But even if you are not starting from scratch, you can still join in living a slow home lifestyle. Re-work your rooms to make sure that they are functional for your familys everyday living. Instead of purchasing a new piece of furniture, look for family hand-me-downs or thrift store finds to re-purpose. Organize your kitchen, bathroom, closets and office using bins, jars, boxes and dishes that you already own but rarely use. Make the stuff in your home work for you and create a stylish and comfortable space that you will be happy with every day and for years to come.
Fortunately, universal design is beginning to take root in modern home design. Ron Mace, Founder and Program Director of the Center for Universal Design, give us the following definition of UD The intent of universal design is to simplify life for everyone by making products, communications, and the built environment more usable by as many people as possible at little or no extra cost. Universal design benefits people of all ages and abilities. Because the principles of universal design are inclusive for people with disabilities, the application of UD in home design is appropriate and addresses many of the needs of people who wish to age in place.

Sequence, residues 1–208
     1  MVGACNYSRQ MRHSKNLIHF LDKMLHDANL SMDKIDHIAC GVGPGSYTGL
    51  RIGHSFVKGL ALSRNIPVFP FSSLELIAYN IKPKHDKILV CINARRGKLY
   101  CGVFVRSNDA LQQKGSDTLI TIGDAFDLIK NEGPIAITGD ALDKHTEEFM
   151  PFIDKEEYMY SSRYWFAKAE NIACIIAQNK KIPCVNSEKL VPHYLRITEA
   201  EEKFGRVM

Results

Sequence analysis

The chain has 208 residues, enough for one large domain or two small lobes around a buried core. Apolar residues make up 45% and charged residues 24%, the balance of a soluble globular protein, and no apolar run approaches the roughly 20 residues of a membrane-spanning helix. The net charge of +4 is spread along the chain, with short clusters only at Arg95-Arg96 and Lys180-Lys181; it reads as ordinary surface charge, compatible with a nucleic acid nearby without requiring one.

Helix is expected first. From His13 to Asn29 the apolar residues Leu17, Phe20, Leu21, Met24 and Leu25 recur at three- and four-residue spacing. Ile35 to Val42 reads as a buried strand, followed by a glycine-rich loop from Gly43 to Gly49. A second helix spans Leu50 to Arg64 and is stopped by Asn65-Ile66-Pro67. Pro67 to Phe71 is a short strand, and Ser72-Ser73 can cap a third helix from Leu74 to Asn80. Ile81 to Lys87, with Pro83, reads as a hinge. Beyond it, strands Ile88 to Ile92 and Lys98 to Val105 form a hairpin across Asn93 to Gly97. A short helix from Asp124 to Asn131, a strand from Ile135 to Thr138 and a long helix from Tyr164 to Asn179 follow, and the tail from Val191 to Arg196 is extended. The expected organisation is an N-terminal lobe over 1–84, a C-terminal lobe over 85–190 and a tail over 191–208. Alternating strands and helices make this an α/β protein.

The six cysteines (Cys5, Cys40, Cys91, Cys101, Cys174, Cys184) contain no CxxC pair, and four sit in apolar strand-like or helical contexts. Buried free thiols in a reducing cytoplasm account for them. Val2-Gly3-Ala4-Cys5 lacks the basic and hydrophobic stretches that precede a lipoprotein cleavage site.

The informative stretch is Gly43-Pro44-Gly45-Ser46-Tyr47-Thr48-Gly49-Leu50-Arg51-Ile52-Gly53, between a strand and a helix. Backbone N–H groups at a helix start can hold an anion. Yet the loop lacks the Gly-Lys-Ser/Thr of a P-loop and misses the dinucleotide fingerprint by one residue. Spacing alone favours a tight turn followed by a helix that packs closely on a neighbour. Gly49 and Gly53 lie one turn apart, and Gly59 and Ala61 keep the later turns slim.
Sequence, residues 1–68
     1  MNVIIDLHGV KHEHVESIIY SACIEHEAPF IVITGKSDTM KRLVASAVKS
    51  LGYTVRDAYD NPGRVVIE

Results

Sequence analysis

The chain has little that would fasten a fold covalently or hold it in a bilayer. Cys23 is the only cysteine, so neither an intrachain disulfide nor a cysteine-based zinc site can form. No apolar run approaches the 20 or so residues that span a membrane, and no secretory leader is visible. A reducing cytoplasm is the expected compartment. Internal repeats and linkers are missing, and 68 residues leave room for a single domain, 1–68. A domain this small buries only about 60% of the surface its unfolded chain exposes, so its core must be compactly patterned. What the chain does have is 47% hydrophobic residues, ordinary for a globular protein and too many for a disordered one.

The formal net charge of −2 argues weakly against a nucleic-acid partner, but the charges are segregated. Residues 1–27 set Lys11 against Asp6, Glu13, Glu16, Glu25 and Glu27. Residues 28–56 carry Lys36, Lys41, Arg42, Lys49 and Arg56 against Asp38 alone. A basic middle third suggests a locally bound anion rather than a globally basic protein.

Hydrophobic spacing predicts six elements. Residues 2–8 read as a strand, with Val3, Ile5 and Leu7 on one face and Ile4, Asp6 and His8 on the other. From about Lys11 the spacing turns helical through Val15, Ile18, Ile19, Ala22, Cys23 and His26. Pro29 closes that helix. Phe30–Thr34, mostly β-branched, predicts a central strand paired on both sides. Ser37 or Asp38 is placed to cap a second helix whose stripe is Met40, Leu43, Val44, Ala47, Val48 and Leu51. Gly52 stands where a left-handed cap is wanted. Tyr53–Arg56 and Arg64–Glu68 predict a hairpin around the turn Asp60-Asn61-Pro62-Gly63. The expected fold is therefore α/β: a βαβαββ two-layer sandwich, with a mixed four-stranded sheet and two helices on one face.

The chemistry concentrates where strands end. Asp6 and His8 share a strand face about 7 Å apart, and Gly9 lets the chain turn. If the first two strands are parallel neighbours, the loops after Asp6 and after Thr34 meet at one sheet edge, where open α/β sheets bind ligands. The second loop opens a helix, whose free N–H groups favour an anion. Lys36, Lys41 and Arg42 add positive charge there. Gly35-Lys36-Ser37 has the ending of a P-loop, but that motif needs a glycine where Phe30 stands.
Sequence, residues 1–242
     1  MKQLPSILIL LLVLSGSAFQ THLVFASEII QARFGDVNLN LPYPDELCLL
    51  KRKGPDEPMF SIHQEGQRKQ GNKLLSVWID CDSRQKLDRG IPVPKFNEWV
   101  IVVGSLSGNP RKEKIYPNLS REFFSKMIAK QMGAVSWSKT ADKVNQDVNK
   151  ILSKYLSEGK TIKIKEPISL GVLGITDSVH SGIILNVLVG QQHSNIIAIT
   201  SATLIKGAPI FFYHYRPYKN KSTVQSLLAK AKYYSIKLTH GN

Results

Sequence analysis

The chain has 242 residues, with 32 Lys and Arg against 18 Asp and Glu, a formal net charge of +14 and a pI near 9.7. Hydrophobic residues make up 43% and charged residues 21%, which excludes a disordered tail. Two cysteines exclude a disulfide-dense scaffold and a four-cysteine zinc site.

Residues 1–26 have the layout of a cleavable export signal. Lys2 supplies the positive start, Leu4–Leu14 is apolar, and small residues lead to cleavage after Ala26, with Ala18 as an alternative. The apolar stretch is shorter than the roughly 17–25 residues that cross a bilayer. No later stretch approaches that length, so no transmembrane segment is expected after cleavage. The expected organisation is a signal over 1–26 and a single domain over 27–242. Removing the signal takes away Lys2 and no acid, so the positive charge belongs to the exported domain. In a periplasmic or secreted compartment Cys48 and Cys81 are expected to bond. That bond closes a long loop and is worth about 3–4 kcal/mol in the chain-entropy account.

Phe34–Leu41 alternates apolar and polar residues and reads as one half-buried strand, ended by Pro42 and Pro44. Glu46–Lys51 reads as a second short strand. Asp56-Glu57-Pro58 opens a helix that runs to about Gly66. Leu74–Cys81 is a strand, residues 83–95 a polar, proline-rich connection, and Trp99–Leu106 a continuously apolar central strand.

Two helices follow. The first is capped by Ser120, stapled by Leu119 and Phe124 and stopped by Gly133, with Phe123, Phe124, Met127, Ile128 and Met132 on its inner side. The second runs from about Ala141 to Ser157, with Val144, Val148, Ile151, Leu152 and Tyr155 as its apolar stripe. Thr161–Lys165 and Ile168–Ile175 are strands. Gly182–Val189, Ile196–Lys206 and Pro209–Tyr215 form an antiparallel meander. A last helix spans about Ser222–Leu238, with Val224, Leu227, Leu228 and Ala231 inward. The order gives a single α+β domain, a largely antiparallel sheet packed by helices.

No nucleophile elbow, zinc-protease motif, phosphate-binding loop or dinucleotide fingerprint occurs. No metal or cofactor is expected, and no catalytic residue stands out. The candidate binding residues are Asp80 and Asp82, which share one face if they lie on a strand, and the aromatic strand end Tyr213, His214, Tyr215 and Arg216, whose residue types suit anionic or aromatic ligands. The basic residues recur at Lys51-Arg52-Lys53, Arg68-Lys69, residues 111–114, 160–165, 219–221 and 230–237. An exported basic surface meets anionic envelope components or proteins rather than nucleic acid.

Therefore, when youre looking to select a designer its also advisable to consider exactly how they show their designs to their clientele. Not everybody can easily figure out a conceptual drawing of a 2D floor plan. In fact ultimately it will come right down to what home designer you sense you might have more suitable connection with and you feel the most confident with.
Anticipating the future needs of individuals may prove a little trickier, but we can start by understanding the process of aging. Whether we like to think about growing old or not, it is inevitable, and peoples functional abilities diminish over time. A well designed home will easily adapt to these changing needs and allow people to stay in their homes longer.
What is slow home design? Basically, it is the principle of slowing down to design homes and spaces that are sustainable, practical and functional. The slow home movement began in 2006 when John Brown, Matthew North, and Carina van Olm wanted to create a critical response to the poor design practices that pervade the mass housing industry. Our intent is to advocate for a more thoughtful approach to residential design that improves the quality of our daily lives and reduces our impact on the environment. Slow home design strives for a more considered, calm and intuitive approach to residential design. The concept is to use well-considered design principles to create smaller homes that will be both environmentally sustainable and literally so, in the sense of being built to endure. The practice also includes remodels of existing, appropriately sized older homes that need updating.